Barron added hangars and other buildings and transformed the remnants of the old naval airport into a first-class facility, so much so that Ed Herrin said, "Dublin became a favorite stopping place for pilots flying from the east coast to Florida."

Any pilot has many stories. He spoke of the time when he crashed his plane while piloting revenue agents, who were looking for liquor stills in the North Georgia mountains or the days when he flew Georgia governor Lester Maddox across the state during campaign events.

Barron died on August 17, 1981. In his fifty years as a pilot, Barron flew in the skies for at least four full years. Of his love of flying, Barron was often quoted as saying, "Once it bites you, it's worse than any disease." Despite his retirement and his long battle with cancer, Barron vowed to keep flying. "You get up there, flying around those big cumulus clouds, going in one side and coming out the other and you're all alone, there's nothing else like it." Barron said in one of his last interviews.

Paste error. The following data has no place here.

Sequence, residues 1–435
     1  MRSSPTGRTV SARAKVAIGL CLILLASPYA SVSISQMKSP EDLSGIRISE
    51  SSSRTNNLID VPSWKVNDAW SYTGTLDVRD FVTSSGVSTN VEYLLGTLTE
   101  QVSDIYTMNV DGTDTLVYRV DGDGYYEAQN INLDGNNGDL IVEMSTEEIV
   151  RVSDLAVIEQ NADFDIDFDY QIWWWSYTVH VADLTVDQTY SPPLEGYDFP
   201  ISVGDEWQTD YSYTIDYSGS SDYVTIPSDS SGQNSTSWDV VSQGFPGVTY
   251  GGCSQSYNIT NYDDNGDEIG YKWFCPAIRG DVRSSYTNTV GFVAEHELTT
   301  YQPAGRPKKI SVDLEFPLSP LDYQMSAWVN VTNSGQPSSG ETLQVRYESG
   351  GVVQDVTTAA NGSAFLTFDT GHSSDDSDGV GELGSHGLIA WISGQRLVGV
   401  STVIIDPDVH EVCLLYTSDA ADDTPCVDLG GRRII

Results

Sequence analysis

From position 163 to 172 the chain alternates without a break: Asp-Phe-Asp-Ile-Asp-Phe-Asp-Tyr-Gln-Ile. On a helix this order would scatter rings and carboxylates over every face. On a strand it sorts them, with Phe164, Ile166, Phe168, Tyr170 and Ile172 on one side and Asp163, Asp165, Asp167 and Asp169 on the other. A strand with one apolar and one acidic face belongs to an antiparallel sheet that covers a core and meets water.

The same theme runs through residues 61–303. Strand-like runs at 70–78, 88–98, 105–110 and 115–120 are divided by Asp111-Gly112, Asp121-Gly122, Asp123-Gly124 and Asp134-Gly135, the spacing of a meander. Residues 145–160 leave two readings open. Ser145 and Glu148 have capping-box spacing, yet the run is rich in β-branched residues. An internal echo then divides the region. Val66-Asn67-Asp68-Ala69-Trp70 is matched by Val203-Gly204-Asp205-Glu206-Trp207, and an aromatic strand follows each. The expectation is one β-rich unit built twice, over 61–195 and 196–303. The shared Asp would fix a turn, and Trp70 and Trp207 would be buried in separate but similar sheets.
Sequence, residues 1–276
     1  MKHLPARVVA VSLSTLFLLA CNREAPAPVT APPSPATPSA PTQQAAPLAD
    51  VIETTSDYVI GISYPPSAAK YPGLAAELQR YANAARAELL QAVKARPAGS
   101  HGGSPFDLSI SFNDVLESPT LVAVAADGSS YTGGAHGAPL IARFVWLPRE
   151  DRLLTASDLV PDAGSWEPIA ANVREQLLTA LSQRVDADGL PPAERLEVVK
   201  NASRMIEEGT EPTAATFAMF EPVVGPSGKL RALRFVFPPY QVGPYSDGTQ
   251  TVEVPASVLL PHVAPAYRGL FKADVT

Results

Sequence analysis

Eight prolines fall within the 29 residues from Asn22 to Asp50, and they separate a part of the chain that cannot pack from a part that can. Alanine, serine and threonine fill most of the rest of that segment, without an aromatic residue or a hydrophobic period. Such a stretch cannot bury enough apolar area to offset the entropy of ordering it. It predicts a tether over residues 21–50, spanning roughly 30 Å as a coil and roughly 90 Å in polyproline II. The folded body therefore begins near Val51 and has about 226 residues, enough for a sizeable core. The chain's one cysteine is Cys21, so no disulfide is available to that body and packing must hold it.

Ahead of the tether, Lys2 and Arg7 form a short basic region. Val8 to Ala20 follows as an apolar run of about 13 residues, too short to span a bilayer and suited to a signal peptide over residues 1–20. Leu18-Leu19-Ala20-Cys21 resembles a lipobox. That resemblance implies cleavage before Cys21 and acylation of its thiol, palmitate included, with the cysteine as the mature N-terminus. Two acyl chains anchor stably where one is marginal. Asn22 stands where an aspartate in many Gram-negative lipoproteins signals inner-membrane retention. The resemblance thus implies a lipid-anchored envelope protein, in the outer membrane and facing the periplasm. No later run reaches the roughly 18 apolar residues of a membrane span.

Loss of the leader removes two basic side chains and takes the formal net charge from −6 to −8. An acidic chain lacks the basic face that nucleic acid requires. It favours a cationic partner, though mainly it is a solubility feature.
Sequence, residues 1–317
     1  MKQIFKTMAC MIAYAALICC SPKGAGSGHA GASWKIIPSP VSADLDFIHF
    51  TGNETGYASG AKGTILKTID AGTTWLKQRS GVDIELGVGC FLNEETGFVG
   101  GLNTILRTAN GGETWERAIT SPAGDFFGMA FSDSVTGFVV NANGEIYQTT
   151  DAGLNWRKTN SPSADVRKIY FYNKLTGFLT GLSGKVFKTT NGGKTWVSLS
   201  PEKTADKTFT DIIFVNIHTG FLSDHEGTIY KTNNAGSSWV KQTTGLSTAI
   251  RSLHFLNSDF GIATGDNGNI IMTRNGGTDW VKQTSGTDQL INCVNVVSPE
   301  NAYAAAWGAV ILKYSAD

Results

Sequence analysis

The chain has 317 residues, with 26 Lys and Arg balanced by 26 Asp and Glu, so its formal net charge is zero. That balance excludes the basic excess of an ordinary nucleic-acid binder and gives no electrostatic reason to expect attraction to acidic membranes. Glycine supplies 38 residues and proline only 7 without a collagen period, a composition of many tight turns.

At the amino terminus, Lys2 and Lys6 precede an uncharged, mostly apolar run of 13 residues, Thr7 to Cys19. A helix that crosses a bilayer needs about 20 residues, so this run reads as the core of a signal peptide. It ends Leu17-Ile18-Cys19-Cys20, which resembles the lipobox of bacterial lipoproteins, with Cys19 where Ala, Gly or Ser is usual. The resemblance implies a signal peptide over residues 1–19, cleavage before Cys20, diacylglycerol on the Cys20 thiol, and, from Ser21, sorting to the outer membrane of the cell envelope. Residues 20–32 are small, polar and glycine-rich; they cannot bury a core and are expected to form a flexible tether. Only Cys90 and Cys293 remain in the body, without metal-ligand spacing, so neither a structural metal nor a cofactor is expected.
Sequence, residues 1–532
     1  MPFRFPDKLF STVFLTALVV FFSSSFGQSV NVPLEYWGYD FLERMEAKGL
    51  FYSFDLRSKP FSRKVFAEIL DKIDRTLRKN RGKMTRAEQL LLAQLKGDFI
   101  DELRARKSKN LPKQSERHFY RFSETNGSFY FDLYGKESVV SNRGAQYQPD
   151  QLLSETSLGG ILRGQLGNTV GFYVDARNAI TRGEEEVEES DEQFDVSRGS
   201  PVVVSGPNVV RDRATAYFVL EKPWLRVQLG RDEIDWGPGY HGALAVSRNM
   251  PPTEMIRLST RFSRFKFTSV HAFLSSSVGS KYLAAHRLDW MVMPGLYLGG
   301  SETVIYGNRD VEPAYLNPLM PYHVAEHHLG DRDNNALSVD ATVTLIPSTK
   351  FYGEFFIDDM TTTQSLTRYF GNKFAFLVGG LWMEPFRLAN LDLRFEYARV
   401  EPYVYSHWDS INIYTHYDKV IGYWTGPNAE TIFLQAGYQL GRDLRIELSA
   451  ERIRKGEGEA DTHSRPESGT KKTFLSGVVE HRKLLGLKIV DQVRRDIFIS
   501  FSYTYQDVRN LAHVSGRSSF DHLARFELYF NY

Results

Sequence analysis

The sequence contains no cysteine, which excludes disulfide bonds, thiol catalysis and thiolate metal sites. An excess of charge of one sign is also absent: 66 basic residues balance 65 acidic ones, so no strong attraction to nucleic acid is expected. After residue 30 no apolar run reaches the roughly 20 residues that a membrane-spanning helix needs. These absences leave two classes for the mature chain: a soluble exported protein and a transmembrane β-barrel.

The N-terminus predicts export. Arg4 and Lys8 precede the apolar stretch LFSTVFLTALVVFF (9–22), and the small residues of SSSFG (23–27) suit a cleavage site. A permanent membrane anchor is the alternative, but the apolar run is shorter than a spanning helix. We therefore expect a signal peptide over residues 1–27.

Winton Hill "Bud" Barron was inducted into the Georgia Aviation Hall of Fame on April 29, 2000. His contributions to aviation in Dublin and to the war effort of the United States during World War II will last into the next century. The people of Laurens County honored Bud Barron upon his retirement with the naming of the Laurens County Airport, which officially opened as the "W.H. 'Bud' Barron Airport" on January 3, 1978, thirty-four years ago today.